Food for Thought (a pro-bike post)

I found these images at various locations with a simple Google search. As many of you know I’ve been car-lite for years and am recently car-free. It’s interesting that I’ve been without a car for nearly two months and I barely notice it (this winter will be the true test). And I realize that if you are reading this blog I am likely “preaching to the choir,” but I found these images interesting and thought I’d share. Peace.

Urban Simplicity.

New York State Paid Me to Remove My Truck from the Road

Yup, it’s true. Many of you know that I recently sold my truck, and after being car-lite for many years I am finally car-free (I did recently join Buffalo Car Share but haven’t used it yet…haven’t used a car in more than a month actually). Anyhow, as if the savings from the true cost of car ownership weren’t enough, New York State sent me a refund check for un-registering my truck. A few weeks ago when I turned in my plates the nice woman at the counter told me I would likely receive a check in the mail because I had almost a year left on my vehicle’s registration. Honestly, when she told me this I just sort of shrugged it off…yea, right, like the state is going to give me money back for this, I thought to myself. Well, I stand corrected. The proof is above. And it’s interesting that in the past month or so that I have not had my truck I haven’t really missed it (obviously it’s much easier this time of year while the weather is nice). And while I enjoy the benefits of physical exercise and the peace of mind riding a bike or walking, a side benefit is that it’s a lot easier on my wallet…and that makes me happy.

Urban Simplicity.

The Perpetual Motion of Life, a Favorite Gandhi quote, and a Who Song

“As human beings, our greatness lies not so much in being able to remake the world – that is the myth of the atomic age – as in being able to remake ourselves.”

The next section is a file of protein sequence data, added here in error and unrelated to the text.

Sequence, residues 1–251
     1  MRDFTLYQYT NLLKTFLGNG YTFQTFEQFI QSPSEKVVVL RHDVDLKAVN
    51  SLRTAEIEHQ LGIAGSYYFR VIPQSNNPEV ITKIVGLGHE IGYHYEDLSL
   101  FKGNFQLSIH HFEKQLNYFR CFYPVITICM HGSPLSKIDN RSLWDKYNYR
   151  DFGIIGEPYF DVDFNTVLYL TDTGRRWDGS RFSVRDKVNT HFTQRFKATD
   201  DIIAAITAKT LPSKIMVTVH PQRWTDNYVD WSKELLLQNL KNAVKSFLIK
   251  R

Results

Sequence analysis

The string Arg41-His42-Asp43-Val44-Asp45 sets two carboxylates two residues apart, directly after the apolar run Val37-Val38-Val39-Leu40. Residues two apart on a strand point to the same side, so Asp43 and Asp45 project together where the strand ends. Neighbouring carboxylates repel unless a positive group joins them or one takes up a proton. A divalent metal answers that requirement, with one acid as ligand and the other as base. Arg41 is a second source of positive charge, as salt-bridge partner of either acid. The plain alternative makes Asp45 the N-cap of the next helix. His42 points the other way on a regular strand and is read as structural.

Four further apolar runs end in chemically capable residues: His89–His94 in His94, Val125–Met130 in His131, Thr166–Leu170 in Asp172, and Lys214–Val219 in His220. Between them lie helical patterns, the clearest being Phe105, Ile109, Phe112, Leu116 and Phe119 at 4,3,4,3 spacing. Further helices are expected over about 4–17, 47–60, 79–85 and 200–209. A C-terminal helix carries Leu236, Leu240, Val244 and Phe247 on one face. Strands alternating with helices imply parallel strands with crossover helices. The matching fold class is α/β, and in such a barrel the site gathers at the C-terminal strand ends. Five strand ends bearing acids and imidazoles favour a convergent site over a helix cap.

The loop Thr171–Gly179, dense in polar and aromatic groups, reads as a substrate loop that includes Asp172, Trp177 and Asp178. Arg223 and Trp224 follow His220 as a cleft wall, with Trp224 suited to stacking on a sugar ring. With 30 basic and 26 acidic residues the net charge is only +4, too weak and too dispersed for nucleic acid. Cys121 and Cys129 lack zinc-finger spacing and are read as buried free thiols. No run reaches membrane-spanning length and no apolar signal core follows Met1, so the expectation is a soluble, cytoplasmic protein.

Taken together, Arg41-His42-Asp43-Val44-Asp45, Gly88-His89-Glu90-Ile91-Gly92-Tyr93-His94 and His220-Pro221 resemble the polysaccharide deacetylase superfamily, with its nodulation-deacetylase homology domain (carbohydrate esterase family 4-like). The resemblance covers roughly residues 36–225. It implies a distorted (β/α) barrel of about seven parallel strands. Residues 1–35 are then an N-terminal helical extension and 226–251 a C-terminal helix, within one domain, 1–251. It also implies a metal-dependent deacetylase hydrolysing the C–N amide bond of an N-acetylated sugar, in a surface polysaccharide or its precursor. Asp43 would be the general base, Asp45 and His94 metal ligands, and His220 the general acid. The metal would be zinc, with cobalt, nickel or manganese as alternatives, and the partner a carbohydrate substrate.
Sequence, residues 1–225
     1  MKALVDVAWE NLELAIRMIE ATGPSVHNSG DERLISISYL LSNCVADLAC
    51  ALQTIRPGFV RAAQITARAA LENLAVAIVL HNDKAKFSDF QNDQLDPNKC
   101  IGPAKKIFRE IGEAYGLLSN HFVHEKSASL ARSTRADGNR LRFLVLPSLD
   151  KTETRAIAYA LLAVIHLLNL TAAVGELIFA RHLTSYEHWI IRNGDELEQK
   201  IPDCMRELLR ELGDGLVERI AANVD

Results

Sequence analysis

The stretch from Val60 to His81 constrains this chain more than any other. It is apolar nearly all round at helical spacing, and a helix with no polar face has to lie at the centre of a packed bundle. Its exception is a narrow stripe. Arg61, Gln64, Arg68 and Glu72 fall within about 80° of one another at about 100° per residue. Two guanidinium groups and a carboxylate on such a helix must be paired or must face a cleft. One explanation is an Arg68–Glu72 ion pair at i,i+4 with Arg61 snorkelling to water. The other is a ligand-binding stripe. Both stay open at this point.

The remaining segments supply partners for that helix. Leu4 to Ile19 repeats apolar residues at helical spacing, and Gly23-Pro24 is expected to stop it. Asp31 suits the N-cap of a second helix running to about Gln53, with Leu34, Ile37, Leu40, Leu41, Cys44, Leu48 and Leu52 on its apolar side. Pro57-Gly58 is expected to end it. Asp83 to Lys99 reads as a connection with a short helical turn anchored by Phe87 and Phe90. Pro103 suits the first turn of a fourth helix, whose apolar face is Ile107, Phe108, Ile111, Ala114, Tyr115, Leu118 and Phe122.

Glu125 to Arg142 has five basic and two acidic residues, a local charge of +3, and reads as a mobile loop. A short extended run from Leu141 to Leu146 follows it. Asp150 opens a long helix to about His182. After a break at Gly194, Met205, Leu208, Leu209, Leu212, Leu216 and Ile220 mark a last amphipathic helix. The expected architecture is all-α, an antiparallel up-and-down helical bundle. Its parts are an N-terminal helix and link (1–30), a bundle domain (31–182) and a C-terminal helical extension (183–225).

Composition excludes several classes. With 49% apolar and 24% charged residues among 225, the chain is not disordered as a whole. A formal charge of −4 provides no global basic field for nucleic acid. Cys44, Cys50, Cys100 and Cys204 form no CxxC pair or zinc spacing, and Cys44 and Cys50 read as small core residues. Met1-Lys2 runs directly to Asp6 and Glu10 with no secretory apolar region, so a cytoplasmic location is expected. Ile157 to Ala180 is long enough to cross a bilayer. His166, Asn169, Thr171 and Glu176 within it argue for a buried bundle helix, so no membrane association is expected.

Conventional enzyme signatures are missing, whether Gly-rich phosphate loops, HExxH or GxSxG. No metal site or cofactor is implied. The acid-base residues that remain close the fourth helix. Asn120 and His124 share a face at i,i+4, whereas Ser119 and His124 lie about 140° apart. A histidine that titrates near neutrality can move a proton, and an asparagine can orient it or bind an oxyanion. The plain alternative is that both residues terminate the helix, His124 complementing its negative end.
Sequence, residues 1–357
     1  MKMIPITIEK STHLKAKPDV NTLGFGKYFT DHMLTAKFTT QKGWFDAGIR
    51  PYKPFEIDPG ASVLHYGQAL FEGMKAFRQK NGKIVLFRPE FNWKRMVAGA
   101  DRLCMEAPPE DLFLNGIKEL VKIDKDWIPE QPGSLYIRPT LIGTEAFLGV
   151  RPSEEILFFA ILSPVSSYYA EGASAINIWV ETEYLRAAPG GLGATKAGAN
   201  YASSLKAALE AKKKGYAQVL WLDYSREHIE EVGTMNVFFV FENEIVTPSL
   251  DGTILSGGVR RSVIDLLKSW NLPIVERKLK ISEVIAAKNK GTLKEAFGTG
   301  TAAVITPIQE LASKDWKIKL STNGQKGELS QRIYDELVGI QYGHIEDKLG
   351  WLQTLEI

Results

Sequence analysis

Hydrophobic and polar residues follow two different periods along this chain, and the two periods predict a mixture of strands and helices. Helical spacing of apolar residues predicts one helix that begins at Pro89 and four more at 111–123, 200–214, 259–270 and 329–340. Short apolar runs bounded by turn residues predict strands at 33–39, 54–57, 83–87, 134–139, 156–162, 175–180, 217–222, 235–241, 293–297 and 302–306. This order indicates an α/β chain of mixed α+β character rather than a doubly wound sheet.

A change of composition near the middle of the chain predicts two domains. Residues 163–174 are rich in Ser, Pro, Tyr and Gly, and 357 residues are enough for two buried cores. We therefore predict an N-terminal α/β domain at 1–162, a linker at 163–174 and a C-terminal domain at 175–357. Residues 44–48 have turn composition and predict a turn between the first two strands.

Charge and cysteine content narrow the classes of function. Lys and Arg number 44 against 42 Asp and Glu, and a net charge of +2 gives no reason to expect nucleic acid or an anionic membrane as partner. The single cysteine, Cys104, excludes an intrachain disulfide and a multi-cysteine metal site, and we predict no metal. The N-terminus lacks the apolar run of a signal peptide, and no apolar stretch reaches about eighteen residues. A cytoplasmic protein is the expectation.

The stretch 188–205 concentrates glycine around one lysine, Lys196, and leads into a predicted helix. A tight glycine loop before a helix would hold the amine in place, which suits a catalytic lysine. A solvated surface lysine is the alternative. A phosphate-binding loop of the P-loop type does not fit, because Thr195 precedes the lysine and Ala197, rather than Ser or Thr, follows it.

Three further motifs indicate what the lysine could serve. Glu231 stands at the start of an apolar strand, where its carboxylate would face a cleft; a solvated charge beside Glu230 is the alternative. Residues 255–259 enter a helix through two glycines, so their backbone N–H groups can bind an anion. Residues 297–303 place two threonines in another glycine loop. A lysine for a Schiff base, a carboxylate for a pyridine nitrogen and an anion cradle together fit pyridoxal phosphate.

–Mahatma Gandhi 

I’ve mentioned a few times on the origins of this blog, but in the event I’ve yet to bore you with it I’ll state it again because sometimes I veer off course. A little over four years ago I started this blog as a sort of public diary on my efforts to simplify my life (read the first post here). And while I’ve always been an avid cyclist one of the ways in which I planned to simplify was to bike even more (and drive less). I have, I believe, been successful. One of the original names of this blog, in fact, was going to be, My Two Mile Island, and that I would ride a bike within a two mile radius of my house instead of driving, no matter the weather. This has bee mostly successful also. I mention this because I’ve been reflecting lately–on this blog, but mostly my life–and some of the twists and turns it has taken. And I mention all this because I’ve been thinking of my motives for going car-lite and now car-free (yes…ta da…I finally did it…sold the truck yesterday). And sometimes I really question myself…am I a bit nuts (well, yes, but I mean really). Here I am 50-years-old with creaky knees and a sometimes aching back–and I can afford a car–but I choose to voluntarily give up car ownership. Why, I wonder, am I doing this…I mean really…why? So I mentally listed some of the reasons, and here they are in no particular order.